When you walk into a room for a professional interview, you as the hiring manager should be prepared to steer the conversation and evaluate the prospective employee’s merit as a candidate. However, the last few minutes are traditionally reserved for the interviewee’s questions. For example, he or she may ask, “What aspects of my background do you feel would be the biggest obstacles to someone making the transition to your career field” Especially if you think the candidate is a good fit, your answer should be honest and to the point. The interviewee is trying to see if the position would be an ideal match and if he or she is capable of excelling. Take this as an opportunity to prepare a prospective employee for the position’s demands.
Points to Emphasize
Because you are the hiring manager, you must be on the look out for the best and most productive workers. With your response, you are giving a candidate information that will help him or her understand what to expect.
- Focus on the knowledge required to advance in the field.
- Mention expected projects or tasks.
- Concentrate on the skills needed to succeed in the position.
- Highlight how the candidate might overcome professional obstacles.
Be as positive and optimistic as possible. You want to attract good employees with the promise of success and potential professional advancement.
Mistakes You Should Avoid
Even if you feel that the prospective employee is under qualified, you don’t want to be discouraging. Keep these tips in mind as you construct a response:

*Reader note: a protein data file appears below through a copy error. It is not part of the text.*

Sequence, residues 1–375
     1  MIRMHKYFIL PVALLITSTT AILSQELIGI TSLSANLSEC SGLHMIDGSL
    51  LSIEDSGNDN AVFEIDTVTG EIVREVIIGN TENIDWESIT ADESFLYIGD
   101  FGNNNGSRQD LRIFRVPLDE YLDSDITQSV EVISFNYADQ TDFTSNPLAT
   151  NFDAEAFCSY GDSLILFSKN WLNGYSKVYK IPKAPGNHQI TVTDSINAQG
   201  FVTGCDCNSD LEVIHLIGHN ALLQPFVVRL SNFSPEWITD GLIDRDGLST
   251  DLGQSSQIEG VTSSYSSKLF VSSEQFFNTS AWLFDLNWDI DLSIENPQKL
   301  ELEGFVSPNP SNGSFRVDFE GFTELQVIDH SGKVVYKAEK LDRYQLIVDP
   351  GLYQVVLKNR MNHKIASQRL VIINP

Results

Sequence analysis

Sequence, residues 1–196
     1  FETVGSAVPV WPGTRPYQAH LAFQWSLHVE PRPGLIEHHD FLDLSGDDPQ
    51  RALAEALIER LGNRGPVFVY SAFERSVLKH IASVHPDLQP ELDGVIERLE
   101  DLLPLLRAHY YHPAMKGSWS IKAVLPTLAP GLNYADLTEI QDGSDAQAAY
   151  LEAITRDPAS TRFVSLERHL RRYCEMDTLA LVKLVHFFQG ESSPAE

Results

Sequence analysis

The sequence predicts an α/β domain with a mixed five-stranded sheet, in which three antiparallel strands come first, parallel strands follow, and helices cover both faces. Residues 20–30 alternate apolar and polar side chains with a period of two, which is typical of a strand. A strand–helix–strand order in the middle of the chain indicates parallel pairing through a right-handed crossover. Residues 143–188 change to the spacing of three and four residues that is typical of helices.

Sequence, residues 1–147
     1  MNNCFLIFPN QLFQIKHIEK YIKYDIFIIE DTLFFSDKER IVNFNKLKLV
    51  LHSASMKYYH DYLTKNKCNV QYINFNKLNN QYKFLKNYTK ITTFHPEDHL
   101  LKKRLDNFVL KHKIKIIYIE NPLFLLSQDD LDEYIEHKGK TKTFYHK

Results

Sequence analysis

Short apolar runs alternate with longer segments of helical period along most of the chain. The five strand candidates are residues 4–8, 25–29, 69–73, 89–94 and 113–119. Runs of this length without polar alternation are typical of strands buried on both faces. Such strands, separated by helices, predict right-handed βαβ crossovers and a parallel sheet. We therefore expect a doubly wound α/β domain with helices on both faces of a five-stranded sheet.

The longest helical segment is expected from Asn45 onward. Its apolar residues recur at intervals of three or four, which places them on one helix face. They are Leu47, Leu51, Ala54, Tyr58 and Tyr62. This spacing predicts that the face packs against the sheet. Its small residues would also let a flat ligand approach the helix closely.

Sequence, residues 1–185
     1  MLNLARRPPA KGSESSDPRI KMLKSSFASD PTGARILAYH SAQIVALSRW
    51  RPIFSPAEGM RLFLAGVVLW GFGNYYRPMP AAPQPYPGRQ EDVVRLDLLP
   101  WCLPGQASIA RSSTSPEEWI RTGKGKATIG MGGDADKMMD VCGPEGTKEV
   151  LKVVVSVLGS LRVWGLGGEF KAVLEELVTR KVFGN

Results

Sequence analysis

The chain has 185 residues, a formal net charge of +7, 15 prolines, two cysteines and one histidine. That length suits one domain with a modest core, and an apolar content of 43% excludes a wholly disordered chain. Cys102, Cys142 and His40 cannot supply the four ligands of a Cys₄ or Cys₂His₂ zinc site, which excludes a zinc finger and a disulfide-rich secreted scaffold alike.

- Avoid being pessimistic about the candidate’s career in the industry or company.
- Do not dance around or evade the question.
- Avoid understating the candidate’s talents or experience.
- Do not speak badly of other industries or positions.
Try to be direct without being abrasive. Maintain the same level of professionalism you would expect from your superiors.
Here is an example of a good answer to the question regarding the candidate’s biggest obstacles:
You are coming from book publishing into the world of news and journalism. Though I am confident you can meet deadlines and work with others, I think your biggest obstacles will be adapting to a new way of writing and the relatively quick turn around of idea to print. Sentence structures are different, which leads to a different editing style and you may have only a few hours to write a polished article before the news is old.
Remember the interviewee asked about the obstacles, so be honest. However, come from the mindset of trying to help a fellow professional.